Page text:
woensdag 6 april 2016

Merciful Nuns-singer Artaud Seth : I don't like the term Goth-Rock. It sounds so traditional, mostly bored and uninspired like the million of other Goth-Rock bands out there. That's not my cup of tea.



With Thelema VIII Merciful Nuns released a fantastic album. It’s theme was inspired by Crowley and Rabelais : Do What Thou Wilt Shall Be The Whole Of The Law.   We thought is was a nice theme to chat about with Merciful Nuns-singer Artaud Seth

Hi Artaud, with Merciful Nuns you just released your 8 th album Thelema VIII, which is a concept-album, based on the lifes of Aleister Crowley and François Rabelais.  What’s your opinion about those characters ?
  
Artaud: François Rabelais was a French writer and lateral thinker who wanted to establish a new form of society at the beginning of the 16th century – the Abbey of Thelema; where the people were supposed to live in complete freedom, guided by the single canon: “Do What Thou Wilt”.  He is worshipped as the creator by the population upon my ficitionally planet called “Thelema VIII”. If you hear the first seconds of the album, it is, if you like, a kind of introduction to the prevailing scenario on planet “Thelema VIII”.  The population gathers at the central assembly point and honours its founder Rabelais. Here begins the journey into the depths of a dystopic society living on a distant exoplanet according to Thelematic principles. "Thelema" stands for rebellion and insurgence. Or, put in a different way: it symbolizes the conquest of one’s own limitations within. Here too we call upon willpower. Conquer your fear. Resist, gather together and change the situation. The British occultist Aleister Crowley has taken this guideline for cohabitation and expanded it later on, introducing it into his Thelema temple.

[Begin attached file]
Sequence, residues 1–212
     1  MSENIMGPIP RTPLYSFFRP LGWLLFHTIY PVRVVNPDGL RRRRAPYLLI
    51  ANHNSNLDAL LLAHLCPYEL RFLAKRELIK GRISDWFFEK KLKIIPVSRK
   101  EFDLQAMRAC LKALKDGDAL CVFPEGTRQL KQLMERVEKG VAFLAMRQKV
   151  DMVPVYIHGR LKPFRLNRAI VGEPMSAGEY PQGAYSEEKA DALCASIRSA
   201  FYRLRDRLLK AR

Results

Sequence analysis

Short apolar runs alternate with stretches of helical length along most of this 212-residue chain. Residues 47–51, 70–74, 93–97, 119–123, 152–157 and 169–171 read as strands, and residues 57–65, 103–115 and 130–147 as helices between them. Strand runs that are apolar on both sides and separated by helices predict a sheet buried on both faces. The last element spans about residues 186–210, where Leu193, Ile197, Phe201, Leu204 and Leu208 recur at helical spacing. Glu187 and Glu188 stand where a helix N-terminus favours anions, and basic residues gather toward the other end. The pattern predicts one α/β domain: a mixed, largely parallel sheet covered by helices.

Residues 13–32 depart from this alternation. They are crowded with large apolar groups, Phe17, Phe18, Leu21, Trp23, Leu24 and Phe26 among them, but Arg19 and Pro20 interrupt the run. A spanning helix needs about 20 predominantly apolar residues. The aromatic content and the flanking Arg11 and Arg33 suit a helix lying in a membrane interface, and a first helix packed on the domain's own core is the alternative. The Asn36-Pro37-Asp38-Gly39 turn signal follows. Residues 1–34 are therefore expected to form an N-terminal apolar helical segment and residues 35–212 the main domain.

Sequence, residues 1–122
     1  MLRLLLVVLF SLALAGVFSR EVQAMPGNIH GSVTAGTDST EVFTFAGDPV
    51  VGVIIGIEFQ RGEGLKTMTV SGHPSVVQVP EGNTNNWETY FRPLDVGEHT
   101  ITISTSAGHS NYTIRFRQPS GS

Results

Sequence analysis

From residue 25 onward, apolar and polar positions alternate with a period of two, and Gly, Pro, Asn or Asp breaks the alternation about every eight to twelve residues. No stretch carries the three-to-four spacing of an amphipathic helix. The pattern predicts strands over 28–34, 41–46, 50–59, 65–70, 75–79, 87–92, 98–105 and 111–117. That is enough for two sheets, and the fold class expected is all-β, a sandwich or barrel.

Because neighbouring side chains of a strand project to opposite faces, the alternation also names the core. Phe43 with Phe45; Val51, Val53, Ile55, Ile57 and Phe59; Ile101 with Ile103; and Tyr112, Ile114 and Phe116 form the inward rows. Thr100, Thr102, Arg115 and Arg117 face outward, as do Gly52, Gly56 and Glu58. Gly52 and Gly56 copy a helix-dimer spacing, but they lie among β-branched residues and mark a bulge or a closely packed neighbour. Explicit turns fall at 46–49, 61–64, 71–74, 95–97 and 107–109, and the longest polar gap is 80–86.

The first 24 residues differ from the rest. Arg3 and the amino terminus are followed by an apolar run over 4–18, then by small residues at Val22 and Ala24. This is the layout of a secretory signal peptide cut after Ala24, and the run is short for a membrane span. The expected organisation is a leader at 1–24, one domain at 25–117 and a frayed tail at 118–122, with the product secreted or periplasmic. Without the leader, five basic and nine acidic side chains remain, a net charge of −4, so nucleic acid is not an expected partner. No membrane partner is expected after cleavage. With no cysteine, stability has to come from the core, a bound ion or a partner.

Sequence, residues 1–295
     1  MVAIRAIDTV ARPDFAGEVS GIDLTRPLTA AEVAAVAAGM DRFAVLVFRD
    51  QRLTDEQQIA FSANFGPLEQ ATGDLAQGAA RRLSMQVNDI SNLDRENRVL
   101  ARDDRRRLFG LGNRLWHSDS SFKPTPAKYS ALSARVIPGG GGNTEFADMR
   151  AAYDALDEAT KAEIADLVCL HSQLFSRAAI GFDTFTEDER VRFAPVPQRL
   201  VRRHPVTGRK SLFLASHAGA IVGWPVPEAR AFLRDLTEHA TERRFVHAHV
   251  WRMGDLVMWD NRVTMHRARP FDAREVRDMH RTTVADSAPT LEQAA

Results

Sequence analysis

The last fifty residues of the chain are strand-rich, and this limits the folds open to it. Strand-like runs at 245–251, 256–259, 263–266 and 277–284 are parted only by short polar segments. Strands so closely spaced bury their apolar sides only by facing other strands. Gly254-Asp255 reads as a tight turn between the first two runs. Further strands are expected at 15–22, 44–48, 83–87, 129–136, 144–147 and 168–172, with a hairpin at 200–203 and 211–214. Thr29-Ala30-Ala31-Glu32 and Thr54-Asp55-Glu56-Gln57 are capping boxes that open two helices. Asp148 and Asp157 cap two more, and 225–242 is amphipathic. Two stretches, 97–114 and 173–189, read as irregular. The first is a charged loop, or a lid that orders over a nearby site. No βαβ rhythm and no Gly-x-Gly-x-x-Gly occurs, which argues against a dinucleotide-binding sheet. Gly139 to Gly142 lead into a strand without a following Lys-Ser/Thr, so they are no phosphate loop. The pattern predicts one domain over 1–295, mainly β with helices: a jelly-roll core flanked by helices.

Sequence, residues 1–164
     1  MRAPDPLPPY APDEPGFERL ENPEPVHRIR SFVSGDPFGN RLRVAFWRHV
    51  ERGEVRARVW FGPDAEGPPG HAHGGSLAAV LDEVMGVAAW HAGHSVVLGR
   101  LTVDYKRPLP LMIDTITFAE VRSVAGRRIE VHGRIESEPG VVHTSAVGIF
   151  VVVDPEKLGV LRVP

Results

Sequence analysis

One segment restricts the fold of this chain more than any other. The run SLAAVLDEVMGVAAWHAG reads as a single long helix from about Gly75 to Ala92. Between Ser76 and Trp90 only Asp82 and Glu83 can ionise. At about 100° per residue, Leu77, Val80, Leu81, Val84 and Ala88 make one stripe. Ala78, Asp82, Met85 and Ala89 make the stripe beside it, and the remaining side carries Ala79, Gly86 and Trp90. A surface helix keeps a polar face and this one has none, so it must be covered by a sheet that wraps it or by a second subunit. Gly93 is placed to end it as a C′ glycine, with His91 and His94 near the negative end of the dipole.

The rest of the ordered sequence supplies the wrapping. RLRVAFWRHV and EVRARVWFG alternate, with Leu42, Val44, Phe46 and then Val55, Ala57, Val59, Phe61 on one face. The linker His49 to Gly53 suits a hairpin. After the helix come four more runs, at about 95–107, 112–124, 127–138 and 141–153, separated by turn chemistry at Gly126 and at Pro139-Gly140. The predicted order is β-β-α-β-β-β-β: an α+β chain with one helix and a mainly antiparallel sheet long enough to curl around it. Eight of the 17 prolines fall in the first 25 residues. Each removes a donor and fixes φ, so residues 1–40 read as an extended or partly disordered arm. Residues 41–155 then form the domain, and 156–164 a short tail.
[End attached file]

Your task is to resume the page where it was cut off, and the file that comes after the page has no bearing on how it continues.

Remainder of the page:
Thelema is Greek for ‘To Will’. Do What Thou Wilt Shall Be The Whole Of The Law. Don’t you think if mankind can do whatever they like things can go out of control ?